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Crumbs, these are troubling times and no denying.

And for sure, some of us have not been dealt the best of hands to play. If you're suffering, or have those close to you suffering, our thoughts and prayers go with you. I'm sure we'll all pull through in time and there’s always a sliver of light on even the darkest day. Take this, for instance . . . which just goes to prove you meet some fine folks in this nutty business, I kid you not.

Why, just a half-hour ago I was locked into a telephone conversation with regular customer Fred Spera with Fred enthusiastically praising our latest deluxe Stephen King volume, THE TOMMYKNOCKERS chattering away like I’d known him all my life even though he hangs his hat in Pennsylvania someplace and here I am a shoe’s throw from the North Sea

We regularly get calls and letters and emails and postcards and Get Well cards and bunches of flowers when Nicky was shingling (which she still is, alas). Heck, I think we even received a few orders! —whoo0 hoo! I love it. And Fred isn’t the only one, nossir.

Take this one!

A few days ago we received a twenty-first birthday card noted inside thus:

“Happy 21st Birthday, 31 March 1999—31 March 2020”) with the additional inscription “To Pete, Nicky, Mike, Sheryl, Tamsin and all the authors and artists, copy editors and proofreaders at PS . . . love from ** *****’"

There’s the rub. Who sent it? Hey, don’t get me wrong—I’m all for anonymity and even more for surprises but I’m intrigued. So please please PLEASE drop me a line and let me know. The only proof I’ll need is what you wrote in the ‘Love from' sign-off . . . just two words. And then we’ll swap things around and instead of you giving US a present, we’ll give one to you. So don’t forget to include your address . . . and warn your mail person that something’s coming.

Heh, I’d forgotten all about the 21 years we’ve been doing this—thanks a bunch. And I guess I need to send many happy returns to my old chum Simon Conway, the original ‘S’ in PS Publishing, before Simon flew the coop to the USA where he is now a talk-show host for Iowa station WHO-AM.

So. a happy birthday to you, too, Simes. Have a great weekend.

Just one new book to tease you with today and it’s a total doozy.

THE RETROSPECTIVE, the second volume of Ramsey Campbell’s & OTHER PHANTASMAGORICAL STORIES with interior illustrations by PS fave, Glenn Chadbourne.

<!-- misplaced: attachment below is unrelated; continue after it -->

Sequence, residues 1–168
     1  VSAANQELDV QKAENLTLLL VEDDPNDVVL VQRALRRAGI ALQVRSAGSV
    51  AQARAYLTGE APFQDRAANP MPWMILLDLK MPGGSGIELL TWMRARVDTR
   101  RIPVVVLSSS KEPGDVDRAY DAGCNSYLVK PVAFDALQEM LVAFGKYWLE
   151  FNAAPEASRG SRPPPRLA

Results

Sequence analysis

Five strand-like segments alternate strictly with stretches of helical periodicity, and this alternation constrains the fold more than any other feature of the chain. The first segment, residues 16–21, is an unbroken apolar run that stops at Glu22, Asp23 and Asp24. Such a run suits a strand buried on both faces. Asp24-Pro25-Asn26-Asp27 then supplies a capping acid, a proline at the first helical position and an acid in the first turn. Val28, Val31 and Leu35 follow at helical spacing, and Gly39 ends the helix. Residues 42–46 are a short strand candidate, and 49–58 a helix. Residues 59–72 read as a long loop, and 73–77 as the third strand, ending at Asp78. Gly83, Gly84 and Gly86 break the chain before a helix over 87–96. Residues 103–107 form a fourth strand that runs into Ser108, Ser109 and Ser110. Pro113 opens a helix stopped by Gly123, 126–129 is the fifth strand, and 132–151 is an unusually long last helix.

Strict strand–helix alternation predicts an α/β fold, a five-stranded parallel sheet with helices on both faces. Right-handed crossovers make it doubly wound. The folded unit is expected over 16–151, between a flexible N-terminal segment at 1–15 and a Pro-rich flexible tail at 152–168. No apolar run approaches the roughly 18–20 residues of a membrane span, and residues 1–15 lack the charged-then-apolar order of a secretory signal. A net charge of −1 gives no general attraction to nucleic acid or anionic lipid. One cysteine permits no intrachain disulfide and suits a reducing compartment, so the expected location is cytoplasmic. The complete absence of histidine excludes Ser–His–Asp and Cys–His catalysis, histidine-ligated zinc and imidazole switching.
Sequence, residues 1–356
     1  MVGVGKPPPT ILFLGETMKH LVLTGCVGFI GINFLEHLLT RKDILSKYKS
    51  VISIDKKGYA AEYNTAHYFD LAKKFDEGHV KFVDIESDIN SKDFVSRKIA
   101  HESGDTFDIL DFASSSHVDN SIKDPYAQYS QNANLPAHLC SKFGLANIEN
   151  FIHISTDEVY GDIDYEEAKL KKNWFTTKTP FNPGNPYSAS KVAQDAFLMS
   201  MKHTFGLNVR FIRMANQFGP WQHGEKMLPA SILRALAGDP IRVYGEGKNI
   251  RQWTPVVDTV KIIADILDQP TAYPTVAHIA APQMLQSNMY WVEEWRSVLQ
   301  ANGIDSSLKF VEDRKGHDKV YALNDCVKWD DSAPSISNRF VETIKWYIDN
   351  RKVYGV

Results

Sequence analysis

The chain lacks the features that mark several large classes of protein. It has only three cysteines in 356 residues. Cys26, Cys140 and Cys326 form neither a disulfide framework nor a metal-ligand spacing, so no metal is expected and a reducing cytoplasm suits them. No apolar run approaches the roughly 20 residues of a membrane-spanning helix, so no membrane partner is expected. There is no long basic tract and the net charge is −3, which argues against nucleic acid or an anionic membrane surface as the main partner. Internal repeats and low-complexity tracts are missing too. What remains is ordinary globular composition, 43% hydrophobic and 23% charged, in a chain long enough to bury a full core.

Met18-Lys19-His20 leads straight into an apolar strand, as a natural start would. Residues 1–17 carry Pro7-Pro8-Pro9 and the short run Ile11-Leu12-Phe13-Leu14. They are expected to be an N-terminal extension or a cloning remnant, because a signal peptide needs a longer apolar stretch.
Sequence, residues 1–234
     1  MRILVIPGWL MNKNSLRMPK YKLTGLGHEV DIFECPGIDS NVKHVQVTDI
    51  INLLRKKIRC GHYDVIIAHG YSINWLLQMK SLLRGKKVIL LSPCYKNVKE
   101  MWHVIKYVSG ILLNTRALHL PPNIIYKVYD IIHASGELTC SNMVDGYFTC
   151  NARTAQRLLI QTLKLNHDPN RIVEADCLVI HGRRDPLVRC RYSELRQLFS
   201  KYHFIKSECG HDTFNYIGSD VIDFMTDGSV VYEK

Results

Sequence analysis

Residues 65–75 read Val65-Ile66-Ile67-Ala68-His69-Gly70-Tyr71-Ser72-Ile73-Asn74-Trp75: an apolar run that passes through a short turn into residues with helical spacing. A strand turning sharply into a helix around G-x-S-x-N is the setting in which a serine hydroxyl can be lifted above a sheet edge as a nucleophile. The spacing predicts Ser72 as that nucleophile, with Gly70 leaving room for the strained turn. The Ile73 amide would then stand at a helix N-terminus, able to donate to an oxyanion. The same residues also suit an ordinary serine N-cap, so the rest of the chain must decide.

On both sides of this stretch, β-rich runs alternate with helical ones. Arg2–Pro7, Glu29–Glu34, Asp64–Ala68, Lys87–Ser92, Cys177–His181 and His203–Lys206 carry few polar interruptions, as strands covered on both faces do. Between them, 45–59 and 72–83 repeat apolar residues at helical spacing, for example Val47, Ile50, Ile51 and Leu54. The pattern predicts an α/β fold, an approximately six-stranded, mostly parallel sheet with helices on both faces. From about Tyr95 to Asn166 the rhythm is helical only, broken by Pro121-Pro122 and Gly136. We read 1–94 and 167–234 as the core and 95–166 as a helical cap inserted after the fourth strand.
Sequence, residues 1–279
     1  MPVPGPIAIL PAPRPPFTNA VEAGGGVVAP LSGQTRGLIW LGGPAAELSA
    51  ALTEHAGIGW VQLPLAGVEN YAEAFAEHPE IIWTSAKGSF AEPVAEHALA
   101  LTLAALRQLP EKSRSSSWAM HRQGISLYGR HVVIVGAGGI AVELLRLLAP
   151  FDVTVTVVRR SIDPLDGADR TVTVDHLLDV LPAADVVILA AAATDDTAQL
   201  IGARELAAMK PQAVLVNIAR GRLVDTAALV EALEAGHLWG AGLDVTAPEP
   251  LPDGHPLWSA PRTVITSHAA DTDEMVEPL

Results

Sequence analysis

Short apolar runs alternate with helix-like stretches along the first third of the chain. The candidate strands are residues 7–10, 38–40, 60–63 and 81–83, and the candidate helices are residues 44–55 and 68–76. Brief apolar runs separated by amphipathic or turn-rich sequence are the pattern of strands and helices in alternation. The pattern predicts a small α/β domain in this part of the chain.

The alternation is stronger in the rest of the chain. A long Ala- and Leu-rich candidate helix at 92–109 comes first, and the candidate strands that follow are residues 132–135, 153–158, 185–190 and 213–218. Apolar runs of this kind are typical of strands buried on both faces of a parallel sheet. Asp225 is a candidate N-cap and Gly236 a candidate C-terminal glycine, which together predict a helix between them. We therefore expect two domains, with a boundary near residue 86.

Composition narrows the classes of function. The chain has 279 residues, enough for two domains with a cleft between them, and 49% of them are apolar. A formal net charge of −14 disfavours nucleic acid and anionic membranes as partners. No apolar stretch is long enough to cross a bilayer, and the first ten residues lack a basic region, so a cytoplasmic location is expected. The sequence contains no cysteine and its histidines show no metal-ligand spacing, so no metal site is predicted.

The funny thing about Ramsey—actually ONE of the funny things about Ramsey (he’s a great friend and Nicky and I spend a lot of time with him and Jenny) is that you think you know all of his stuff, both stories and novels, but then whoa, Nellie. And that is nowhere more apposite than right now and right here. I would have sworn that I’ve read all of his stories, any of them more than once or twice but nope.

Like this opening from "The Alternative"

Highton was driving past the disused hospital when the car gave up. On the last fifty miles of motorway he had taken it slow, earning himself glances of pity mingled with hostility from the drivers of the Jaguars and Porsches. As he came abreast of the fallen gates the engine began to grate as though a rusty chunk of it were working itself loose, and the smell of fumes grew urgently acrid. The engine died as soon as he touched the brake.

A wind which felt like shards of the icy sun chafed the grass in the overgrown grounds of the hospital as he climbed out of the Vauxhall, rubbing his limbs. He was tempted to leave the car where it was, but the children who smashed windows were likely to set fire to it if he abandoned it overnight. Grasping the wheel with one hand and the crumbling edge of the door with the other, he walked the car home through the housing estate.

All the windows closest to the hospital were boarded up. Soon he encountered signs of life, random windows displaying curtains or, where the glass was broken, cardboard. A pack of bedraggled dogs roamed the estate, fighting over scraps of rotten meat, fleeing yelping out of the communal entrances of the two-storey concrete blocks.

Or this, from "Going Under"

Blythe had shuffled almost to the ticket booth when he knew he should have sent Lydia her money. Beyond the line of booths another phalanx of walkers, some of them wearing slogans and some not a great deal else, advanced towards the tunnel under the river. While he’d failed to pocket the envelope, he never left his phone at home, and given the pace at which walkers were being admitted to the tunnel, which was closed to traffic for its anniversary, he should have plenty of time to complete a call before he reached the wide semicircular concrete mouth, rendered whiter by the July sun. As he unfolded the phone and tapped his home number on the keyboard the men on either side of him began jogging on the spot, an action which the left-hand man accompanied with a series of low hollow panting hoots. The phone rang five times and addressed Blythe in his own voice.
    “Valerie Mason and Steve Blythe. Whatever we’re doing, it’s keeping us away from the phone, so please leave your name and number and the date and time and we’ll tell you what we were up to when we call you back...” Though the message was less than six months old, it and Valerie’s giggle at the end of it sounded worn by too much playback. Once the beep had stuttered four times on the way to uttering its longer tone, he spoke.
     “Val? Valerie? It’s me. I’m just about to start the tunnel walk. Sorry we had a bit of a tiff, but I’m glad you didn’t come after all. You were right, I should send her the maintenance and then object. Let them have to explain to the court instead of me. Are you in the darkroom? Come  and find out who this is, will you? Don’t just listen if you’re hearing me. Be fair.”